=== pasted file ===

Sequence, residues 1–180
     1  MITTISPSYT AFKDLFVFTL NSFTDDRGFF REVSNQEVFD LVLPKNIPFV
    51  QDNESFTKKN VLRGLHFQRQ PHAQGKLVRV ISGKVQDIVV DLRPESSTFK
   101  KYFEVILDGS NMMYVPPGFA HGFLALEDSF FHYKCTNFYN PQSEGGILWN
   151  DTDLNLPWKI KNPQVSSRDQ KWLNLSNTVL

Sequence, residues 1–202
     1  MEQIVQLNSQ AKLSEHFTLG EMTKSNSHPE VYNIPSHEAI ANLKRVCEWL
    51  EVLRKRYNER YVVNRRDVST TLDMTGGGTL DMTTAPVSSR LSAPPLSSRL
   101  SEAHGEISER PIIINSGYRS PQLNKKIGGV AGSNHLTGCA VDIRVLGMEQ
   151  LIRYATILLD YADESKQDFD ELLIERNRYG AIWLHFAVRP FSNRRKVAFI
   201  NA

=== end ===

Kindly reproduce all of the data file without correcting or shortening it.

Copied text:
Sequence, residues 1–180
     1  MITTISPSYT AFKDLFVFTL NSFTDDRGFF REVSNQEVFD LVLPKNIPFV
    51  QDNESFTKKN VLRGLHFQRQ PHAQGKLVRV ISGKVQDIVV DLRPESSTFK
   101  KYFEVILDGS NMMYVPPGFA HGFLALEDSF FHYKCTNFYN PQSEGGILWN
   151  DTDLNLPWKI KNPQVSSRDQ KWLNLSNTVL

Sequence, residues 1–202
     1  MEQIVQLNSQ AKLSEHFTLG EMTKSNSHPE VYNIPSHEAI ANLKRVCEWL
    51  EVLRKRYNER YVVNRRDVST TLDMTGGGTL DMTTAPVSSR LSAPPLSSRL
   101  SEAHGEISER PIIINSGYRS PQLNKKIGGV AGSNHLTGCA VDIRVLGMEQ
   151  LIRYATILLD YADESKQDFD ELLIERNRYG AIWLHFAVRP FSNRRKVAFI
   201  NA